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US Steel's Clairton kept at lower output, cutting US coking coal demand


Clairton has 4.3 mil st of capacity

Extending coke times can help meet lower demand

Gary furnace restarting on August 1

London — Steel group US Steel said July 31 that its Clairton met coke operations are continuing to operate with extended coking times, cutting demand for US coking coal.

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Clairton, close to the Mon Valley steel works in Pennsylvania, has 4.3 million st of met coke capacity, US Steel said in a quarterly report.

Coke plants can run at materially lower levels as needed by slowing operations and extending hours, while ovens are kept hot to guard against damage.

A record contraction in US GDP in the second quarter from lower industrial activity and construction, and weaker steel and pig iron rates in the quarter, have hit demand for metallurgical coal and coke in North America, according to market sources.

RELATED: US Steel expects to keep two US blast furnaces idled through 2020

US Steel said lower coking coal and ferrous scrap prices helped to lower costs in the second quarter from a year earlier, while fuel rates rose to bank blast furnaces in the quarter.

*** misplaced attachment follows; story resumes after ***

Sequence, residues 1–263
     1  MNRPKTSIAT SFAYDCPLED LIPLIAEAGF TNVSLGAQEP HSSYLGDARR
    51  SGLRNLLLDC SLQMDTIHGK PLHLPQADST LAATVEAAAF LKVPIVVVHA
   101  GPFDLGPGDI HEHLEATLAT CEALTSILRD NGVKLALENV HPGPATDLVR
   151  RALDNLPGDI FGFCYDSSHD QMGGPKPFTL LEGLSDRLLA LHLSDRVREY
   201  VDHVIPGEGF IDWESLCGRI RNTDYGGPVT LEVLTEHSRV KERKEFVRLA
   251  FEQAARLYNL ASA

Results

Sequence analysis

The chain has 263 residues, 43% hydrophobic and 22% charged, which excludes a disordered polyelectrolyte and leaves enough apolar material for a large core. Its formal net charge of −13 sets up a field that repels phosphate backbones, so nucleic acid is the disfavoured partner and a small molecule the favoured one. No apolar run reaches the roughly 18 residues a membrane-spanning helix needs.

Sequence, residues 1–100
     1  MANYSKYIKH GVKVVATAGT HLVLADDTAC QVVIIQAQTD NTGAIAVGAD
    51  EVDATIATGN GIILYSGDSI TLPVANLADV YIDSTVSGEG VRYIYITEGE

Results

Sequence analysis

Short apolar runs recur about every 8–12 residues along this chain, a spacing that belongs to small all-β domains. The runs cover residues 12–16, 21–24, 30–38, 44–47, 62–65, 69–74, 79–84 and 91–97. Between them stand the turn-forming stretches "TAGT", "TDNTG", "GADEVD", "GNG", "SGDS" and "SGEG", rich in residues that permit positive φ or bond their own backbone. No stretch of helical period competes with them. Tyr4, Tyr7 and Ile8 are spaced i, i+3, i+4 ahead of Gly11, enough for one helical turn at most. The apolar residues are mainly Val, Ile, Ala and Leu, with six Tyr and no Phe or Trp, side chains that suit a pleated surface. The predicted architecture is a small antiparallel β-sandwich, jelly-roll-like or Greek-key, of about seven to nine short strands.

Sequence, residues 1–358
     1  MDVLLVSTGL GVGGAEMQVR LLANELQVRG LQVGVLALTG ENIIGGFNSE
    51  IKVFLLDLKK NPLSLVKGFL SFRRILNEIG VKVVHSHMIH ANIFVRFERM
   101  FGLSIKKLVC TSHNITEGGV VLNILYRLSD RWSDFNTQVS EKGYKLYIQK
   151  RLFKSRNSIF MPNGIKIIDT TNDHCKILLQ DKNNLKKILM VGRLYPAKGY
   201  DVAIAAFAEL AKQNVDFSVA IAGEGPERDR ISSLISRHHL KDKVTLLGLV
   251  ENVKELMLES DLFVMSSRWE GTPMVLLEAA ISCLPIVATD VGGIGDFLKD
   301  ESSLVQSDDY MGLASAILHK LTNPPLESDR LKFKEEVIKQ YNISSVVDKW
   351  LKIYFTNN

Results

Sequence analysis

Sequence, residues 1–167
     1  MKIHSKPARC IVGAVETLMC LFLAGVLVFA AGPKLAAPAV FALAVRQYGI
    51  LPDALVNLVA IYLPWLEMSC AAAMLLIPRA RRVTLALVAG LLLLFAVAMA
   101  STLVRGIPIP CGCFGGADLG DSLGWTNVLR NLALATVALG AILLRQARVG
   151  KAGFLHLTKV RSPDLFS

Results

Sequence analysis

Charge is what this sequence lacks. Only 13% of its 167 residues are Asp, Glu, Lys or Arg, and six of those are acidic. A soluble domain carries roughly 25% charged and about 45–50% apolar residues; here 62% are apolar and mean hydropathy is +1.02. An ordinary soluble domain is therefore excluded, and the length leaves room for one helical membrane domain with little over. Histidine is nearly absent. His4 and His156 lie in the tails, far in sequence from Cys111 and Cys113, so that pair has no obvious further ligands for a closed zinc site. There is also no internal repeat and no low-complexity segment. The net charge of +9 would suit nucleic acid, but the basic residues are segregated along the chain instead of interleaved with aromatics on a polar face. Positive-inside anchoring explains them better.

Furnaces at Granite City, Illinois, and Gary, Indiana, were idled until potential restarts, based on steel market recovery.

US pig iron output, which uses met coke and iron ore pellets, in the first six months of 2020 fell 24% year on year, according to American Iron and Steel Institute data. For June, US blast furnace steel output at mills operated by US Steel, ArcelorMittal and Cleveland-Cliffs' AK Steel almost halved year on year to 1.38 million st, according to the AISI.

In Europe, US Steel cited lower coking coal and pellet costs in the second quarter for its Kosice-based operation.

US Steel said several US and Slovakia-based blast furnaces remain idled, with a unit at Gary starting on August 1, and the Great Lakes steel works' three blast furnaces idled indefinitely.

In Kosice, BF No. 2 is idled, leaving just over 3 million mt/year in crude steel capacity operating.